A recent Lancet study titled “Atherosclerosis across 4000 years of human history: the Horus study of four ancient populations” purports to show that our ancient painors suffered from arteriosclerosis or “just as we do. They concluded: ” The presence of atherosclerosis in premodern human animals suggests that the disease is an inherent component of human aging and not characteristic of any specific diet or lifestyle.” In other words, go ahead and eat another Big Mac and wash it down with a supersized Coke because your arms will eventually clog up no matter what you do. Thank you judge Tingling for borrowing Mayor Bloomberg's ridiculous super-sized soda ban, although looking at your picture I suspect that you may want to back off on super-sizing of anything, especially yourself.
Unfortunately this study seriously ignores the actual disease process leading to heart attacks and strokes. This study documented calcium deposits in the treaties of mummies from four different variable ancient cultures: Egyptians, Peruvians, ancestral Puebloans and Unangans from the Aleutian Islands. Although it is reasonably true that as humans grow older they tend to accumulate some calcium deposits in their arms, by itself this process will not likely lead to heart attacks and strokes. To turn arteriosclerosis into a deadly killer, you also need to add some inflammation.
It's All About the Details
To understand how this process works, we first need to review a little anatomy. Arteries are lined by endothelial cells that form a tight junction to keep blood elements from leaking into the surrounding tissue. These cells are covered with a hair-like protective surface called the glycocalyx. This layer keeps the flowing blood from coming into contact with the endothelial cells. It more or less acts like Teflon, allowing the blood to flow smoothly. Fats are transported in the blood stream as combinations of fat and protein called lipoproteins. Low density lipoproteins (LDL) carry cholesterol and fatty acids into cells and high density lipoproteins (HDL) carry cholesterol and fatty acids out of cells.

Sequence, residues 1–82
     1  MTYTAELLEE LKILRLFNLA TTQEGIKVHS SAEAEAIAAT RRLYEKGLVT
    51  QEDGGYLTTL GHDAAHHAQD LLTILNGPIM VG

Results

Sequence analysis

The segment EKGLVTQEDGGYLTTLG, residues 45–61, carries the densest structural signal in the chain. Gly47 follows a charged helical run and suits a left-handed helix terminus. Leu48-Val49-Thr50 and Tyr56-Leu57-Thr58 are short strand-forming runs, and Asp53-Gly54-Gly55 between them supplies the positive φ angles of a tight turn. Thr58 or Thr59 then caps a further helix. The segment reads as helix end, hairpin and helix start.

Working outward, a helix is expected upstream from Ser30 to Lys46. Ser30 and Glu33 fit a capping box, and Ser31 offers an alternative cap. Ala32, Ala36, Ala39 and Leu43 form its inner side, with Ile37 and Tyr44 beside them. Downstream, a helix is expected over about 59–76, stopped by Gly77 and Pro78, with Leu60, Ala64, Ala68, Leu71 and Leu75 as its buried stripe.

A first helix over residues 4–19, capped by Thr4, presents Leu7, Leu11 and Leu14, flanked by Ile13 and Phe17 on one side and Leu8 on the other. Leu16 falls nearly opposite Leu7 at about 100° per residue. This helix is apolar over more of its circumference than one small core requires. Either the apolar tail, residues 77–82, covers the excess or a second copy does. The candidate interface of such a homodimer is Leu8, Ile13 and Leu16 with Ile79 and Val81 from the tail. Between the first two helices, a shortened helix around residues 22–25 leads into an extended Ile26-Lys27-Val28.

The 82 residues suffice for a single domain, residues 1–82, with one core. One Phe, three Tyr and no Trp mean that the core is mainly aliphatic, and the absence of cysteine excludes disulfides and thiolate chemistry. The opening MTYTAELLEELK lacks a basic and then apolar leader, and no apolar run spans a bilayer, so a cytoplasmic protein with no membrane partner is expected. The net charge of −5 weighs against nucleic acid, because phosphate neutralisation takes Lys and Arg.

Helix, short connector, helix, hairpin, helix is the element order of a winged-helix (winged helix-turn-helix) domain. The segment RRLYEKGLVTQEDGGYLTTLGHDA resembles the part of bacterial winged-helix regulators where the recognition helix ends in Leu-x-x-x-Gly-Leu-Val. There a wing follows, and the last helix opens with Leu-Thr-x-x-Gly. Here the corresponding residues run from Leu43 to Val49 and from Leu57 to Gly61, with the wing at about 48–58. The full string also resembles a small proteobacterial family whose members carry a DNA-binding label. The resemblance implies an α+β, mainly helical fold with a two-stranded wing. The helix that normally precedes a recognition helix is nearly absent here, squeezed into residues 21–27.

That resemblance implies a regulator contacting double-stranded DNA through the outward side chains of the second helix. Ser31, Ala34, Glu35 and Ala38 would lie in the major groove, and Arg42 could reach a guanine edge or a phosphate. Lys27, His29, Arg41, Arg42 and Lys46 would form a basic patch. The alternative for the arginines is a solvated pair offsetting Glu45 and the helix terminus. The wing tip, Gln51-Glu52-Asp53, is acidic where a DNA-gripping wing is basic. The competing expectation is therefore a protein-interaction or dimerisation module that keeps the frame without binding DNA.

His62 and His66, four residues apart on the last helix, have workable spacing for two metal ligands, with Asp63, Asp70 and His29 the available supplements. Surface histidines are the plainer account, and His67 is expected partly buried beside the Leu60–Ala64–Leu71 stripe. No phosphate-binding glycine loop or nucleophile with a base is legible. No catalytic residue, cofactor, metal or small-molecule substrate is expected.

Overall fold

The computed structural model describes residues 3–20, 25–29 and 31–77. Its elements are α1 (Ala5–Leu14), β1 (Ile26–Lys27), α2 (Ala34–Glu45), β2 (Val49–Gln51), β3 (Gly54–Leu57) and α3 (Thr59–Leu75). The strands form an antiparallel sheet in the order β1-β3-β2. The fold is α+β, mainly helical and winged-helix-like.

LDL cholesterol comes in two forms-small, dense LDL particles and fluffy, large LDL particles. When you consume a diet high in saturated fat, LDL particles migrate to the intima, the layer benefit the endothelium. Small, dense LDL particles tend to hang around longer and become oxidized, leading to inflammation. Oxidized LDL particles strip away the protective glycocalyx layer and damage the under endothelium, leading to endothelial dysfunction. White blood cells are attracted by this inflammation and migrate to the intima where they gobble up the oxidized LDL cholesterol, creating fat-ladened foam cells. This inflammatory mess can always lead to dangerous blood clots, so your body responds by walling it off with a layer of calcium and a fibrous cap. With a solid fibrous cap, blood continues to flow freely and everything is good-that is until you add more pollution to the mix.
Harden My Arteries but Please Do not Give Me Inflammation
Many components of our modern diet can feed this inflammatory process, including trans fatty acids, excess omega 6 fatty acids relative to omega 3 fatty acids, excessively fructose mainly from sugar and HFCS, and high glycemic carbohydrates mainly form grains. These dietary elements lead to high glucose levels, high insulin levels, high uric acid levels and systemic inflammatory. Grains, legumes and dairy products can lead to a leaky gut, further feeding this inflammation. Consuming our Standard American Diet (SAD) is like throwing gas on a fire when it comes to feeding inflammation. All of this inflammation can ever cause the fibrous cap to rupture, where all the pro-inflammatory foam cells spill into the circulation. This leads to a blood clot, your bodies' last brave attempt to seal off the damage. If the blood clot is large enough, it blocks the artery leading to a heart attack or stroke.
Although arteriosclerosis (hardening of the arteries) may be a normal part of human aging, heart attacks and strokes are clearly not. When the authors of this study examined the mummies with CT scans, they were documenting calcium deposits in their treaties. They could only document arteriosclerosis and as the discussion above describes, hardening of the treaties will never kill you without throwing in a lot of inflammation leading to rupture of the plaques. We really have no idea whether these mummies were prior to such events and this study is not helpful in this regard.